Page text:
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Kim P

   Lifelong Learner      
       Administrative Clerk

It's not that we 'won't do certain things to be difficult':

it's that we 'cannot do certain things because we're having difficulties'.

Kim P

Autistic Women Share Their Stories

I am Kim, a 40-year-old, single demigirl, living in The Netherlands.  I love smooth and predictable things: stroking my soft straight hair, biking on flat asphalt, skating on untouched ice… And I love very tight hugs. I once did some online test that said I would get married at 42, so who knows…!

I’ve watched 330+ Japanese animation series and movies, because I couldn’t spend much time in unpredictable circumstances (i.e. in the company of other people) without getting exhausted and sweaty. The genre I mostly watched was ‘slice of life’: ordinary things happening in high school settings with a touch of humour and romance. My life after lectures and work consisted of watching these anime series. 

I work as an administrative clerk, but my dream is to one day open a sensory room and indoor playground for stressed office workers. I want to help them, because I know what it is to be constantly stressed out and tired. And because I want to feel useful on this planet.


From the age I could reason I knew I was different and I thought a lot about quitting life. I was constantly ruminating and told my mother several times that thinking about suicide was comforting for me at my worst moments.  She thought I was just lazy, slow, stubborn and an exaggerating, arrogant little professor, an evil person even.  She said that she hated my father and that I behaved just like him… (they got divorced in 2008). Both of my parents hit me and disrespected me mentally and emotionally. On top of this I was bullied all through elementary school. The only place I felt safe at was in the local library building. I am absolutely certain I have c-PTSD and am doing EMDR therapy for that right now after having been bullied in several jobs too.


Actual suicide plans and preparations I only made at the age of 22 when I was a college student and later again at 37 in 2016. My boss at that time made sure I was committed to a closed ward. After just three days I was released. Initially they thought I was depressed and had some personality disorder, but, after a year-long diagnostic trajectory, they diagnosed me with ASD in 2017. This Dx was an enormous relief: I appeared to actually be a morally good person, just like I always kept believing I was. But there was intense sadness as well, that it had to take years of therapy for depression and bulima before the underlying, core reason for my feelings of hopelessness, anxiety and loneliness was finally found: autism. Oh, how furious I was as well!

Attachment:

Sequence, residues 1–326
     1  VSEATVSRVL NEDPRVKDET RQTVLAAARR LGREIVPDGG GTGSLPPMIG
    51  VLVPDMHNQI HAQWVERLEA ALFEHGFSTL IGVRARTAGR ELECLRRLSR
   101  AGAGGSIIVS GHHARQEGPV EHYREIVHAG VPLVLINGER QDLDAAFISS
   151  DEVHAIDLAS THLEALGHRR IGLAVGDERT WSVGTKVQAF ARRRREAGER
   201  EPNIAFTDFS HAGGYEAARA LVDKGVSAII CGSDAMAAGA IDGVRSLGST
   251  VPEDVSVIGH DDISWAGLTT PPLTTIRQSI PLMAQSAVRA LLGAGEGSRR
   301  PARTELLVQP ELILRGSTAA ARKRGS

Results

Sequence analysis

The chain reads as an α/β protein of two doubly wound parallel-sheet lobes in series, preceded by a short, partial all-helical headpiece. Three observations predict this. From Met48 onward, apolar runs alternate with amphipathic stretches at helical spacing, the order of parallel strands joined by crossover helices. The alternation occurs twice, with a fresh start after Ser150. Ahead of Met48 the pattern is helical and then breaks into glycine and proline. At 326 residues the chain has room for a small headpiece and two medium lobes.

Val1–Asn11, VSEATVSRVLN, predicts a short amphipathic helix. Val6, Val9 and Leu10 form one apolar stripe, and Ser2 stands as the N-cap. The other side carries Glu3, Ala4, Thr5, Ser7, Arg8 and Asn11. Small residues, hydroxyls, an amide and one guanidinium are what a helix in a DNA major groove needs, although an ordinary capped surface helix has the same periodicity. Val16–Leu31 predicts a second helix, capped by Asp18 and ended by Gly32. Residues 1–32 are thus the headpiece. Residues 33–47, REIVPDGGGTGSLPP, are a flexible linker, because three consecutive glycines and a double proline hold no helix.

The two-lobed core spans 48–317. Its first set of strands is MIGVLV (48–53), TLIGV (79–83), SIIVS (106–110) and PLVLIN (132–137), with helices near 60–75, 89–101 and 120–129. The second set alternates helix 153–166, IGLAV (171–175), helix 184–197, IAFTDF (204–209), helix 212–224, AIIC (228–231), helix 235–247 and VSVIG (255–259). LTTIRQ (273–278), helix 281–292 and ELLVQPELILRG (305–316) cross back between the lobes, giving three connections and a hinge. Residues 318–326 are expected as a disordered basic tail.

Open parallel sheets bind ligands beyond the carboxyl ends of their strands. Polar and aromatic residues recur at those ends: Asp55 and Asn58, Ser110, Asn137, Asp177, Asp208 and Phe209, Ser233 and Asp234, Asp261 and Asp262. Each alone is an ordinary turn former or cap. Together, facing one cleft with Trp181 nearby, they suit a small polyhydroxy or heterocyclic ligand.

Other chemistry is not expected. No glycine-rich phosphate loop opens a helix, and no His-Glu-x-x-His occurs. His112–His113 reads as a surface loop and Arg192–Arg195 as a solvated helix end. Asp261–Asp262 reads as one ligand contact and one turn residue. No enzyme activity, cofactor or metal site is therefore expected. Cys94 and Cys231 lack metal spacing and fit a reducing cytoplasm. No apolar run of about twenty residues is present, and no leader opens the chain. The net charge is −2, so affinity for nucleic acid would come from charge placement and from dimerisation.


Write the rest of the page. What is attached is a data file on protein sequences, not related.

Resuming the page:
Now I realise that having autistic wiring is the cause of our more elaborate, filter-less and slower, one-track, literal way of information processing and the subsequent problems this gives in an incompatible, intense world that is too loud and too fast for us. Constant emotional and thought loops plus the lack of a stimuli filter cause exhaustion. There’s far too much going on in our heads at any time of the day. This is the reason why we are rigid instead of flexible. This is the reason why we desperately need clarity, order, silence, repetition and predictability. We need these things for our self-preservation, for survival.

The massive issue is that most standard people aren't able to really feel, understand or believe that we have a lot of trouble navigating this world with this particular kind of operating system. Additionally, most people are taking things personally that we never intended to be offensive. It's not that we 'won't do certain things to be irritating or difficult': it's that we 'cannot do certain things because we have irritations or difficulties'. I think everyone should know this about us autistic people.


My mother, who is 72, understands this now and is very sorry for the way she treated me. Hopefully I can start building a mother-daughter bond with her after the EMDR sessions. It is said that forming a secure attachment with your mother can mean considerable improvement of all of your other (kinds of) relationships. We’ll see...

I studied clinical psychology, because I wanted to know the reason why people treated me horribly. I’ve got a BSc degree now, but I can only guess that ‘hurt people hurt people’.  

Kim P

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Grief on the Autism Spectrum
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